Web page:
Mesquite & Cocoa Pancakes (GF/DF/No Added Sugar)

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After reading ultramarathoner Scott Jurek’s memoir Eat and Run, the Gent suggested we experiment with mesquite flour. Mesquite flour is made from the dried, ground pods of the mesquite tree. Its fragrant, slightly nutty flavor has a sweetness reminiscent of molasses.  One tablespoon of mesquite flour contains 2g natural sugars, 1g protein, and a whopping 4g of fiber, not to mention a cocktail of essential nutrients. We’ve been having fun experimenting with it in smoothies, cookie dough balls, and gluten-free dinner rolls, but so far my favorite way to use it is in these chocolatey, gluten-free pancakes.

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Mesquite & cocoa pancakes with peanut butter and rum bananas.

The mesquite powder adds just the right hint of sweetness to these gluten-free pancakes without any additional sweetener.  The pancakes are delicious topped with cooked bananas or red berries, or sandwiched with peanut butter or coconut manna.  Don’t be put off by the apple cider vinegar in the recipe; you won’t taste it. It’s there to react with the baking powder to enhance the fluffiness of these gluten-free goodies, and also to brighten up the perception of the chocolate flavor.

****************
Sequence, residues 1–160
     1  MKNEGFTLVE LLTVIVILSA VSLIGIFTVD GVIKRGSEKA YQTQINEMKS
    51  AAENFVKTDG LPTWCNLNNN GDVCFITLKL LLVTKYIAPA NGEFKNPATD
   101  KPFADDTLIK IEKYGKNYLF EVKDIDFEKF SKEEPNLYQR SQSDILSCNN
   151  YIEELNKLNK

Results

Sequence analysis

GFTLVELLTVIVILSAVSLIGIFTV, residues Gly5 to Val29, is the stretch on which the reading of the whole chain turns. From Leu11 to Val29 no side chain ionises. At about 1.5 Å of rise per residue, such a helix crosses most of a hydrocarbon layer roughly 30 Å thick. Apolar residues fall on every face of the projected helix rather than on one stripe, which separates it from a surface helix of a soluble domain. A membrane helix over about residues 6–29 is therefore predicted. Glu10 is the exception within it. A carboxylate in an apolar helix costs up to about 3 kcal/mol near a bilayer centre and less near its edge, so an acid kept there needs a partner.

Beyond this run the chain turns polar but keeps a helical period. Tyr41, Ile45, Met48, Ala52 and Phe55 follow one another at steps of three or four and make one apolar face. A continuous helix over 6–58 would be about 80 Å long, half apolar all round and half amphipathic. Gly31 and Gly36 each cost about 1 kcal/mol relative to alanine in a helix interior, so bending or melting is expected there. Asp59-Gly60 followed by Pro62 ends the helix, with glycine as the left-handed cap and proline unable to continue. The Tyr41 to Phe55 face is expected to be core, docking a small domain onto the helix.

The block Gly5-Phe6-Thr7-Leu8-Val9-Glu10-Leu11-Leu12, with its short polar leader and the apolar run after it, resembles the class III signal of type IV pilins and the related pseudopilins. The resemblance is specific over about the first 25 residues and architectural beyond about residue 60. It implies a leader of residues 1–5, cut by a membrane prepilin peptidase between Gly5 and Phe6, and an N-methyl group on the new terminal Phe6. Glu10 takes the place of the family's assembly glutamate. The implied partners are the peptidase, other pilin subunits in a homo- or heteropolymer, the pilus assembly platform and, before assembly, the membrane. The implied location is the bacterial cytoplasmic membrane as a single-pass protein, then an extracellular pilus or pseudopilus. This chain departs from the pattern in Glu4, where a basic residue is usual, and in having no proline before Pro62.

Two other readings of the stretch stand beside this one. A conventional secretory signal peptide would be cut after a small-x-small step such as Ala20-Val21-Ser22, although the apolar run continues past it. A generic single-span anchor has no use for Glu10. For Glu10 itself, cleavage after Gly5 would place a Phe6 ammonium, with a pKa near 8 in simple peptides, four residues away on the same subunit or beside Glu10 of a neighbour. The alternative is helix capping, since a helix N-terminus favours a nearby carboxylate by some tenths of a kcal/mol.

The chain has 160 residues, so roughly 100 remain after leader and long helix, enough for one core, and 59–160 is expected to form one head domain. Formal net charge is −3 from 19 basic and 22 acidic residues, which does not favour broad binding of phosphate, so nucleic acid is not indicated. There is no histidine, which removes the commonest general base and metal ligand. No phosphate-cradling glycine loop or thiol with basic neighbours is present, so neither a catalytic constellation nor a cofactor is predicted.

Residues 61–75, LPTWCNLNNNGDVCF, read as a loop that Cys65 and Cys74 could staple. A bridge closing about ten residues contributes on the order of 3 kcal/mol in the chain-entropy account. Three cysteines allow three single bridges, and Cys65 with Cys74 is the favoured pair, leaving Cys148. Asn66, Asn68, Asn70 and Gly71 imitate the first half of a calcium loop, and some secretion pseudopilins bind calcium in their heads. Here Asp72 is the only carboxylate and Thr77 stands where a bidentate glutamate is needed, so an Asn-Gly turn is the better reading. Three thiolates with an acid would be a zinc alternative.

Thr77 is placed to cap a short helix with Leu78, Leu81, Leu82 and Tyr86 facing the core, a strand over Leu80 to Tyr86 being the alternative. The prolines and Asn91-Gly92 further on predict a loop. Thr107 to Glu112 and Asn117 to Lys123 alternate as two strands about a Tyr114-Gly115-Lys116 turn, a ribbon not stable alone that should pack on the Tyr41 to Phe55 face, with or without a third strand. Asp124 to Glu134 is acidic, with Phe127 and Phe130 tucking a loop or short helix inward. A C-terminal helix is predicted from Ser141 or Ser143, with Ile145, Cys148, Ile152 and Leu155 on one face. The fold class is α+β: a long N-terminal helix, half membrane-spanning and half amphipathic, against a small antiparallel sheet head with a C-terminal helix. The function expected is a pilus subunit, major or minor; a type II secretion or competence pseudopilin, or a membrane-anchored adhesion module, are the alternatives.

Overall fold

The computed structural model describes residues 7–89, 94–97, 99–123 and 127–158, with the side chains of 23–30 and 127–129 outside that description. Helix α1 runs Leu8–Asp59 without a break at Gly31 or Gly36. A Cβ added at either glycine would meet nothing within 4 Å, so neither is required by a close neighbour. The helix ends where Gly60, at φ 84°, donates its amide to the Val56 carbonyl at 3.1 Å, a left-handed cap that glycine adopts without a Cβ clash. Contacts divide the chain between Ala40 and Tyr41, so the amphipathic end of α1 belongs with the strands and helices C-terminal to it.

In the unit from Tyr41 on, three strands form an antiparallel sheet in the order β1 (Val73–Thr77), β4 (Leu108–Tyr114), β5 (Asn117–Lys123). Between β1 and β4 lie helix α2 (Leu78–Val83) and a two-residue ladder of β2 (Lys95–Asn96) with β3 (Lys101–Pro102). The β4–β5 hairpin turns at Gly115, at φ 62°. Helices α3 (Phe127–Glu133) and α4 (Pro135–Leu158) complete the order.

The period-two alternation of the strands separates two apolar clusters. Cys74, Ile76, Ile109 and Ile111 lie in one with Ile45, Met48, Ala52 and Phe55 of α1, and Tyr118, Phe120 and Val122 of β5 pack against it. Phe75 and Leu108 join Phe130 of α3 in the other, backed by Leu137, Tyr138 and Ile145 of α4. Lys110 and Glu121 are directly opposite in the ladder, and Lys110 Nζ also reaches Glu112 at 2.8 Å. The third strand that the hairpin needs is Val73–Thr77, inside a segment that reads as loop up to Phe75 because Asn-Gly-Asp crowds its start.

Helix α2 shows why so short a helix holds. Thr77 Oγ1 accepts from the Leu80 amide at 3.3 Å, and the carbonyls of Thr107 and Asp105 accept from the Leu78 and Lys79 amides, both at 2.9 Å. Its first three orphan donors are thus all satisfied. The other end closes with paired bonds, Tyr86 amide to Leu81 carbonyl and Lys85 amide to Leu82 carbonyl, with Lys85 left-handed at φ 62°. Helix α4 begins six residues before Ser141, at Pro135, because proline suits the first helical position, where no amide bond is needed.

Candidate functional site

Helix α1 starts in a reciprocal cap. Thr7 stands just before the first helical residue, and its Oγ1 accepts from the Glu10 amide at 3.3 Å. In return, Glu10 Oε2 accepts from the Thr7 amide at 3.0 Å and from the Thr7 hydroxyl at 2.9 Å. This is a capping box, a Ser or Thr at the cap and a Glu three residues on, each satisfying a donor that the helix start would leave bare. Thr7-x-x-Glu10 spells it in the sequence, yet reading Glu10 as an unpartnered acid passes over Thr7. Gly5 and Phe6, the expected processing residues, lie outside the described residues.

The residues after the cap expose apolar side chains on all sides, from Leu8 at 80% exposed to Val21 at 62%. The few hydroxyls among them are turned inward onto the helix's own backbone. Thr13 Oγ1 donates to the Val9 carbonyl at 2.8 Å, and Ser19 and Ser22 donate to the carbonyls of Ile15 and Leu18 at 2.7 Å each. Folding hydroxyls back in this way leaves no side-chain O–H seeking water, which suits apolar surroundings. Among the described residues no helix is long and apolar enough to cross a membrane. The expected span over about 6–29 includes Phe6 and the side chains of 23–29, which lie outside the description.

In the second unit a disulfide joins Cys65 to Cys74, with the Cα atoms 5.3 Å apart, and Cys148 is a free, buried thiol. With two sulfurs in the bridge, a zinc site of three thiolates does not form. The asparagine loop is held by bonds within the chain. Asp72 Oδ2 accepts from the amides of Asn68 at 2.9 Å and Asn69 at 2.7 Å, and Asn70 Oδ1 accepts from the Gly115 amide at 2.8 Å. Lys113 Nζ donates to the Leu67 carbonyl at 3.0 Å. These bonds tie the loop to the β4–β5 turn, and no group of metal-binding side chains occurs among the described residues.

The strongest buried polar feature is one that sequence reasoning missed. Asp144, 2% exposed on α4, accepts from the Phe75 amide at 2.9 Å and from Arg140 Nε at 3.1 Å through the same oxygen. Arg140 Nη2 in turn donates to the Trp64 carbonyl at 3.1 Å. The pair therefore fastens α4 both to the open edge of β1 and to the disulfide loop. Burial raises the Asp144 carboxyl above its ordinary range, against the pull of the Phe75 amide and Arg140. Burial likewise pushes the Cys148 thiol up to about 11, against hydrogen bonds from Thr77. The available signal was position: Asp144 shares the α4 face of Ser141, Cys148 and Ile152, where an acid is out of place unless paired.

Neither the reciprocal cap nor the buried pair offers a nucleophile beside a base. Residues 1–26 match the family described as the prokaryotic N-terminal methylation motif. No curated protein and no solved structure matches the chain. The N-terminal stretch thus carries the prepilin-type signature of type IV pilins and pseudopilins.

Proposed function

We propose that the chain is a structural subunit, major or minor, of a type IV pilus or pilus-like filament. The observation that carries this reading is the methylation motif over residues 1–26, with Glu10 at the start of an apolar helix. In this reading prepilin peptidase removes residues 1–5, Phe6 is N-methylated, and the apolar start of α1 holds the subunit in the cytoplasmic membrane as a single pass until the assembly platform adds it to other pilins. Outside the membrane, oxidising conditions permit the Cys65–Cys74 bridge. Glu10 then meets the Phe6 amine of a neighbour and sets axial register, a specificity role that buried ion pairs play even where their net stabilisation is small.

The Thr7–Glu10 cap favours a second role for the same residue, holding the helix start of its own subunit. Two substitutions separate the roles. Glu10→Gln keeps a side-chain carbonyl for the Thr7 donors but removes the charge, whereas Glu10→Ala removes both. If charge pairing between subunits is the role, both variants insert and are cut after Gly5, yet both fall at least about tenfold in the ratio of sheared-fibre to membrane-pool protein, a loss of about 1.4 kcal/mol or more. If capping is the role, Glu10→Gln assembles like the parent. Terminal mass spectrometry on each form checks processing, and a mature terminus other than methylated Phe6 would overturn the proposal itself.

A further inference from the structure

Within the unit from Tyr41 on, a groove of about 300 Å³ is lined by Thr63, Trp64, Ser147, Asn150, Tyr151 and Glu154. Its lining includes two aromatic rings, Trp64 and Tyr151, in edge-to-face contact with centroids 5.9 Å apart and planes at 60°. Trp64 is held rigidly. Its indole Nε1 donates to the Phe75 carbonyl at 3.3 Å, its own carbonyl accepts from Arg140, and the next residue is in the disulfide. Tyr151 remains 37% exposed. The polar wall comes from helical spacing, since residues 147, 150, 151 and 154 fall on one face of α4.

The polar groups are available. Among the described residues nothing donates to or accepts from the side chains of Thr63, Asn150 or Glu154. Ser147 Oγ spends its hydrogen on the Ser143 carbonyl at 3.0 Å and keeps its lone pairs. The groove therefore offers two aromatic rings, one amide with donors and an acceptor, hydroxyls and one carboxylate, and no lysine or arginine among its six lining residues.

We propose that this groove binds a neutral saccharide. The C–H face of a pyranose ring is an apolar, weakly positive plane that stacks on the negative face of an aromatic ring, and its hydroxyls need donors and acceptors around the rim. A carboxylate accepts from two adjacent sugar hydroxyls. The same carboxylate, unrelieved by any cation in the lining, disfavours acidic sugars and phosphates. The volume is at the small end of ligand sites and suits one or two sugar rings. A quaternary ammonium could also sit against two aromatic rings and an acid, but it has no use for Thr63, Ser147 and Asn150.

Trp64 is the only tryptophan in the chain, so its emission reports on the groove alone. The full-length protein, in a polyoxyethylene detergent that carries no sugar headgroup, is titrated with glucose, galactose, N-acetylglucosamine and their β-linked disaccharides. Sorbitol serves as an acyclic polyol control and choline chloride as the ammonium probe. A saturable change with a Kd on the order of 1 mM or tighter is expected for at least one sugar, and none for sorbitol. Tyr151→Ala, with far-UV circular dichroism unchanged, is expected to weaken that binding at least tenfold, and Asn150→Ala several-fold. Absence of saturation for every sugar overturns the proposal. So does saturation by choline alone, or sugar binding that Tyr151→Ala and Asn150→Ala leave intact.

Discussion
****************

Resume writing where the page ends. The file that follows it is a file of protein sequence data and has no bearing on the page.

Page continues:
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Mesquite & cocoa pancakes with cherry cashew creme and dark, sweet cherries.

Mesquite & Cocoa Pancakes

1/2 cup Bob’s Red Mill Gluten-Free All-Purpose Flour

1/4 cup coconut flour

3 Tbsp natural, unsweetened cocoa powder

3 Tbsp mesquite powder

2 tsp baking powder

pinch salt

2 eggs

1 cup almond milk

1/2 tsp apple cider vinegar

Whisk together the dry ingredients in a medium-sized bowl. In a separate bowl, whisk together the eggs, almond milk, and vinegar. Add the wet ingredients to the dry all at once, and whisk quickly until smooth. Melt a little bit of coconut oil on a hot griddle over medium-low heat, and cook pancakes until they are bubbly and slightly dry at the edges. Flip and cook another 30 to 60 seconds. Makes about one dozen 3 to 4-inch pancakes.